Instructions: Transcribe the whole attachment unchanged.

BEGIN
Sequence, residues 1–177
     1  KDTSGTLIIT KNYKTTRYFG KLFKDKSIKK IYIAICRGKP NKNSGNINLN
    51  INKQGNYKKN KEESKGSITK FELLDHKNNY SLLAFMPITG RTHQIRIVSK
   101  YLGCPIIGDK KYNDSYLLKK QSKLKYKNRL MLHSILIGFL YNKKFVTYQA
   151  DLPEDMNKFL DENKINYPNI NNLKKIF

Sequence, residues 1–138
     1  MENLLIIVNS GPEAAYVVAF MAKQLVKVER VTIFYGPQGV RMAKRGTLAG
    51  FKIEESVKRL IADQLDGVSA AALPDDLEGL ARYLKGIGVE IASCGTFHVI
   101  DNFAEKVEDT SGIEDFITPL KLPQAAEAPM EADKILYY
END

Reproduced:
Sequence, residues 1–177
     1  KDTSGTLIIT KNYKTTRYFG KLFKDKSIKK IYIAICRGKP NKNSGNINLN
    51  INKQGNYKKN KEESKGSITK FELLDHKNNY SLLAFMPITG RTHQIRIVSK
   101  YLGCPIIGDK KYNDSYLLKK QSKLKYKNRL MLHSILIGFL YNKKFVTYQA
   151  DLPEDMNKFL DENKINYPNI NNLKKIF

Sequence, residues 1–138
     1  MENLLIIVNS GPEAAYVVAF MAKQLVKVER VTIFYGPQGV RMAKRGTLAG
    51  FKIEESVKRL IADQLDGVSA AALPDDLEGL ARYLKGIGVE IASCGTFHVI
   101  DNFAEKVEDT SGIEDFITPL KLPQAAEAPM EADKILYY